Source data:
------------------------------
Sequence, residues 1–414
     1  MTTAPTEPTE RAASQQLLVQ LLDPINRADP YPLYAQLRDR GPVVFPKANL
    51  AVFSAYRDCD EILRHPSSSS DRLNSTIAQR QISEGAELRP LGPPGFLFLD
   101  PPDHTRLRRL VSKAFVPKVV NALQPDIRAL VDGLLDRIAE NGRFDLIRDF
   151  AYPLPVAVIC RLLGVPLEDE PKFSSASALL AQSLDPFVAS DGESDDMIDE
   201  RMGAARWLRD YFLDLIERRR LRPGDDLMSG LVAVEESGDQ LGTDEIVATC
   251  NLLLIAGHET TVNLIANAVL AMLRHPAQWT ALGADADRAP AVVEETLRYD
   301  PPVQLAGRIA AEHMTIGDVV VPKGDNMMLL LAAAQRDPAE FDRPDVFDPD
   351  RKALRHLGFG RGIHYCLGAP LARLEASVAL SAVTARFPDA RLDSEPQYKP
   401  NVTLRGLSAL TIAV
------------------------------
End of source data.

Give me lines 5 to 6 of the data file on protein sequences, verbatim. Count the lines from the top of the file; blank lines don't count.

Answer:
   151  AYPLPVAVIC RLLGVPLEDE PKFSSASALL AQSLDPFVAS DGESDDMIDE
   201  RMGAARWLRD YFLDLIERRR LRPGDDLMSG LVAVEESGDQ LGTDEIVATC